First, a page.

A blacksmith, husband, and small-plot farmer, Jules Guiteaux lives a life of clockwork regularity, narrowed down to a defined set of everyday tasks. This, at least, is how Dominique Benicheti presents him, and the documentarian’s precise portrait of his country cousin attains a storybook simplicity, with Jules’s daily routine incorporating years of ingrained experience, boiled down to practiced, elegant motion. Shot over five years, Cousin Jules feels similarly condensed, and its approach reflects that focus, abandoning chronological storytelling or exploration of social issues for a rhythmic fixation on one small life, shot in a way that accounts for both its august beauty and its innate difficulties.
After the events of May ’68, many French activists and intellectuals looked toward the past for hints of how to construct a future. Finding inspiration in the prudent self-sufficiency of the country’s rural breadbasket, a new crop of rustic films emerged, exploring the possibility of heading back to the land. The best of these—the workaday pragmatism of Georges Roquier’s Biquefarre and the rigorous self-assessment of Alain Tanner’s Jonah, Who Will Be 25 in the Year 2000—pushed past wishful thinking toward real considerations of the mechanics of agricultural settings. Benicheti’s film feels just as concerned with future issues interpreted through a traditional lens, turning what could have been a straightforward document into an almost Marxist disquisition on a man who operates within his own discrete economic arrangement, while functioning as part of a larger system of intertwined pastoral tradition.
Guy Debord’s Society of the Spectacle imagines time as divided into two distinct sectors: our modern chronology, defined by rigid schedules and calendars, and a mythic pre-industrial pastoral reckoning, where the movement of seasons was the only indicator of passing time, thus granting life a more elliptical, less progress-oriented quality. That same pastoral time seems to be in effect here, in lives defined by the repeating occurrence of familiar chores. Dropping out of the rat race to engage in the supposedly soul-cleansing simplicity of such basic work was likely an enticing fantasy in the fallout of the early ’70s, and has become one again, at a time when our lives feel more circumscribed by outside forces than ever. What makes Cousin Jules notable is that it manages to explore this once-again-relevant fantasy without fetishizing these lives or scrimping on their harsh, dehumanizing realities.
The fact remains that the winnowing of existence down to the completion of an endless series of repetitive tasks has the adverse result of stunting expression, something the film portrays by favoring procedure over communication. Jules and his wife discuss a few small matters over a meal, and then spend the rest of it in silence, a detail that can be ascribed to either to the sort of perfect attunement that requires no conversation, or the basic fact that these people have no real interior lives beyond their work. A bond clearly exists between the two partners, presented via small moments, as when Félicie brings in coffee to be boiled on Jules’s workshop stove, but their inarticulate plainness is also presented as its own prison, and by dispelling vestigial illusions about rural labor Cousin Jules communicates a strong prevailing idea: We’re all beholden to some imposed system of behavior, the tenor of our work dominating and largely defining the circumstances of our reality.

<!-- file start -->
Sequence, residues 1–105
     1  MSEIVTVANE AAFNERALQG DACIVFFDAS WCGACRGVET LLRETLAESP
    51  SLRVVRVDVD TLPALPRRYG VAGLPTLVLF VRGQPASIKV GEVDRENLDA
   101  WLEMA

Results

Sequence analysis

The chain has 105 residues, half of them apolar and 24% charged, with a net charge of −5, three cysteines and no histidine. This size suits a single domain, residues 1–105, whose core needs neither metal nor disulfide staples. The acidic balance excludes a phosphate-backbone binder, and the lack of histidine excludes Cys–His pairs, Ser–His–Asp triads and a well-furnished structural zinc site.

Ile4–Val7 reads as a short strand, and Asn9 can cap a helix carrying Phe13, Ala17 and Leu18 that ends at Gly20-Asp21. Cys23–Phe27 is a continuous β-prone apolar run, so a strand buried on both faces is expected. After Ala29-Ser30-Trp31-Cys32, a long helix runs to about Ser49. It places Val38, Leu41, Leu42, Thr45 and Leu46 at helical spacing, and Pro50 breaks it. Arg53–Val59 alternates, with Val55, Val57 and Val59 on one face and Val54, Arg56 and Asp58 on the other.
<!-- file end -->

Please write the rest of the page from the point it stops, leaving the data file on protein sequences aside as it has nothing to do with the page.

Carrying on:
Approaching his lifestyle with ambivalence, the film still accords Jules enormous respect, showing an almost holy appreciation for the beautiful process of his blacksmithing work. Of all of Benicheti’s interesting choices, the boldest is the surprising use of impressive widescreen visuals, creating compositions which, in the dazzling restoration being shown at Film Forum, depict the fine details of their work while shrinking them down to yet another facet of an expansive natural world. In these broad tableaux, which alternatively magnify Jules and diminish him amid his acreage, we see the Jules through a split lens of adulation and despair, he becomes an iconic figure whose simple status both illuminates and imprisons him. It’s a bit reductive in terms of a personal portrait, but this is a film that’s not concerned with telling the story of a man, instead making him a representative symbol of a mostly bygone way of life, a reminder of both the fleeting nature of individual experience and the steady patterns of a broader human existence.